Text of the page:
The “custody” word sometimes sends shivers down the spine of divorce litigants. However, this term is often misunderstood and can unnecessarily result in a high conflict divorce. Divorce lawyers in Greenwich and Westport often are asked: “What does ‘custody’ mean?” First, in the context of divorce, there are two parts to custody: legal and physical.
Legal custody refers to decision making with regard to your child’s health, education and religion. Most couples, even those who are divorcing, want the best medical care and education for their children and are on the same page as to what that is. Religion is rarely a factor at the time of divorce as it typically has long since been settled. That is why almost all cases result in joint legal custody.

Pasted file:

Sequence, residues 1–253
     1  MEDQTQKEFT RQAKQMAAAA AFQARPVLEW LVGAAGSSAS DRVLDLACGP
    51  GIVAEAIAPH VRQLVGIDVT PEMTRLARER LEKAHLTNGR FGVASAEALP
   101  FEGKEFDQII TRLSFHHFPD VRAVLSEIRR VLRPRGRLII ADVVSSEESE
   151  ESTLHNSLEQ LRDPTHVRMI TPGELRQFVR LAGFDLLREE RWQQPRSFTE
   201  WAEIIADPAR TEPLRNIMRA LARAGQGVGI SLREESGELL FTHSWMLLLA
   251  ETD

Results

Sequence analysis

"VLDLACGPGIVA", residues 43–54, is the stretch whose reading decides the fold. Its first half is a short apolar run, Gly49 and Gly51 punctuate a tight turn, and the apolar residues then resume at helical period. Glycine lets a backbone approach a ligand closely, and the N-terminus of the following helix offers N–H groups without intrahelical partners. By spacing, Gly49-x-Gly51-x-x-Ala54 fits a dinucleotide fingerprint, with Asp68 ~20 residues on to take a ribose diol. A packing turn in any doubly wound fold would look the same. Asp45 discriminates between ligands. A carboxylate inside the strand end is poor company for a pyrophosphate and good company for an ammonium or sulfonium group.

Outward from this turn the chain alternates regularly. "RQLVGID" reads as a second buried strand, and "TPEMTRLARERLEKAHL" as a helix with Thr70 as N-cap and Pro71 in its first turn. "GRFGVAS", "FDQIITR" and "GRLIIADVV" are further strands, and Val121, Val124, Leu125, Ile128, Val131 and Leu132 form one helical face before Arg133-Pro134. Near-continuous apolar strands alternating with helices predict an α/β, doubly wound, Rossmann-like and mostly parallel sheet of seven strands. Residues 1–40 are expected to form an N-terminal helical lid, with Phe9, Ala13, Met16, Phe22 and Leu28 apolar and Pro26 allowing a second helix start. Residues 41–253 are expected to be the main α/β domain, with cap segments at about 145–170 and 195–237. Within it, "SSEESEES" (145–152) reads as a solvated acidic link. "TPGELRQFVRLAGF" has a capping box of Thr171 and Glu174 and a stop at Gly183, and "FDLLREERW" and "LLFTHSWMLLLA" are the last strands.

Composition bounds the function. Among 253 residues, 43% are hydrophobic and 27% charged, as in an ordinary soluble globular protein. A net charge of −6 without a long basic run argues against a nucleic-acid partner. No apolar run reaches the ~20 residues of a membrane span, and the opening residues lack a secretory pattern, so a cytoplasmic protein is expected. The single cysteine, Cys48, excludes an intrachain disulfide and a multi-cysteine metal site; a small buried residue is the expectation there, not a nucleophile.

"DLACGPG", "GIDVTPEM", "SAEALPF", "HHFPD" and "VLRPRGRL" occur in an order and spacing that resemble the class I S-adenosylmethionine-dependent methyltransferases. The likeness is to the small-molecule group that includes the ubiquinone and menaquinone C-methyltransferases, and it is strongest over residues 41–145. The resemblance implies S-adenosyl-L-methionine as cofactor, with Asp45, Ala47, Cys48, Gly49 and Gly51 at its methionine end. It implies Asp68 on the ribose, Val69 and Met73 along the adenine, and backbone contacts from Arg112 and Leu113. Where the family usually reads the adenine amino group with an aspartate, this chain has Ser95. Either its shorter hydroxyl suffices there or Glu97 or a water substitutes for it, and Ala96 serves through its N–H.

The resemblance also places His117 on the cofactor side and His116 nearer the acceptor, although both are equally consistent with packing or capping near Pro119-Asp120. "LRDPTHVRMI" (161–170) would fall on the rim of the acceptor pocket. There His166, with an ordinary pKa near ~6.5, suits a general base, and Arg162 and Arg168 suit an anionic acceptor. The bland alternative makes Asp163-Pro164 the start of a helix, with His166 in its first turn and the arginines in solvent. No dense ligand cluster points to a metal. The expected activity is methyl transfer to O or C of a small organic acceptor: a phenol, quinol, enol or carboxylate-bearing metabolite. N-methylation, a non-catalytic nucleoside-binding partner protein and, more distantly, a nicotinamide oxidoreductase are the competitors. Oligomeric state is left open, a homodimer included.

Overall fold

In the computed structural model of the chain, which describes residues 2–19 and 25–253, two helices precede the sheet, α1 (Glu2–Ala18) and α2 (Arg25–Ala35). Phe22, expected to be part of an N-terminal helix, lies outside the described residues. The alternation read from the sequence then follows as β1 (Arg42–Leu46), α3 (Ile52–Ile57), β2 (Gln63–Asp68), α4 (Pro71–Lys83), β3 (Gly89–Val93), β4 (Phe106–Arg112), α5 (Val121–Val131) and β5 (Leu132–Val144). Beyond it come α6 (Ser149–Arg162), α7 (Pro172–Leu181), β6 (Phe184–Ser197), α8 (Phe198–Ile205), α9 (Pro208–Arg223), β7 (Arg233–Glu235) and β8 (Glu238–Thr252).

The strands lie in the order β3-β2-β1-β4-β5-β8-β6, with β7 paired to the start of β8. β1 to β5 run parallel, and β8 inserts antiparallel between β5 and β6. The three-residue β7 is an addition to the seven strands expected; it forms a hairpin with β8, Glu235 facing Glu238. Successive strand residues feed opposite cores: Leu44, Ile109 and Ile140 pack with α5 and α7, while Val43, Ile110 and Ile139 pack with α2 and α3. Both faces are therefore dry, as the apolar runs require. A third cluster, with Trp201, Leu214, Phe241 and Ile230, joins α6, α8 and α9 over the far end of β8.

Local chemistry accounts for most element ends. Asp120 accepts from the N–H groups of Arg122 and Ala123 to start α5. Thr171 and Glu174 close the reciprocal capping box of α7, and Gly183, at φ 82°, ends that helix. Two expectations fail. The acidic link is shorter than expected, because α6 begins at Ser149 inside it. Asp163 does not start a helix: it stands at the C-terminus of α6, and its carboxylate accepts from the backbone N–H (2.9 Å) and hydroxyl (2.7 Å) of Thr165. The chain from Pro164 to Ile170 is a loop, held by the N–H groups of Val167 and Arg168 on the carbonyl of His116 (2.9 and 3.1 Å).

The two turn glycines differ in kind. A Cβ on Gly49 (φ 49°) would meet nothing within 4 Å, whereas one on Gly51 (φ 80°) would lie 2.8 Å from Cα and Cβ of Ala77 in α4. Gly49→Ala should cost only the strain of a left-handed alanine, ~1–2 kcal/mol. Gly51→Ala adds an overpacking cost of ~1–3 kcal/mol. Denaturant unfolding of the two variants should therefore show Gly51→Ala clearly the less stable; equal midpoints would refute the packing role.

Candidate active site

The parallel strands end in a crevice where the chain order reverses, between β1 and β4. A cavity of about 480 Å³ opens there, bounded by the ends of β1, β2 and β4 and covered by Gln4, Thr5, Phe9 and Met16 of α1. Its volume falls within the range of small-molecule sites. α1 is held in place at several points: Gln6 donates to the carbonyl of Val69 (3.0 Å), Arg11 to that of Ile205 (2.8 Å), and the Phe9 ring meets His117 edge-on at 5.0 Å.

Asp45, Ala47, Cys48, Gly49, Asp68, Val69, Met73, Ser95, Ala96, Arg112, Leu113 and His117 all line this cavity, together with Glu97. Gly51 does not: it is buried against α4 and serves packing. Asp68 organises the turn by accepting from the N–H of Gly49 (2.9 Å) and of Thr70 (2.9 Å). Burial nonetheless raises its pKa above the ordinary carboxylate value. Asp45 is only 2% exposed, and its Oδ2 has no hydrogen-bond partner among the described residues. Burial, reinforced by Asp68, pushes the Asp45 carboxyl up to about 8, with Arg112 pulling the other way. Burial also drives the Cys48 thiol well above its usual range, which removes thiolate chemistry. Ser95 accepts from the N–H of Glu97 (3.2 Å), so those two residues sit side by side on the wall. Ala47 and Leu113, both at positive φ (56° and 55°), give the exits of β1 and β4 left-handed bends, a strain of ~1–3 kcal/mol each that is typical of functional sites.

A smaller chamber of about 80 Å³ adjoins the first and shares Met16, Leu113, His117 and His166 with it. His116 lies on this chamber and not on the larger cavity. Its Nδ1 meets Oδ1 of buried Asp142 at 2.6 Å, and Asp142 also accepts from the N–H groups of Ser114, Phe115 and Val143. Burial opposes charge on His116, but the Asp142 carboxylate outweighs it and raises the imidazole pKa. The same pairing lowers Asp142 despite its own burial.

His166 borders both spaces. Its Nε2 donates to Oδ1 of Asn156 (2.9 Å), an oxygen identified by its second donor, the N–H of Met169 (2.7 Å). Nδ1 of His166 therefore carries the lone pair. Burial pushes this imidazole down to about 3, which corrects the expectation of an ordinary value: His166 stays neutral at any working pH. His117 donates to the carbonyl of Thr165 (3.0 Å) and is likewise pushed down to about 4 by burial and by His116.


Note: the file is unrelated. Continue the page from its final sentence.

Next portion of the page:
In certain cases, parties may have joint legal custody but one parent may have final decision making on the major issues. But even this is usually invoked after both parents consult with each other or try to arrive at a mutual decision that is in the best interest of their child. Sometimes the parties employ a parenting coordinator to assist with the decision making process, since relying on a Court to insert itself into the controversy is usually not efficient or productive.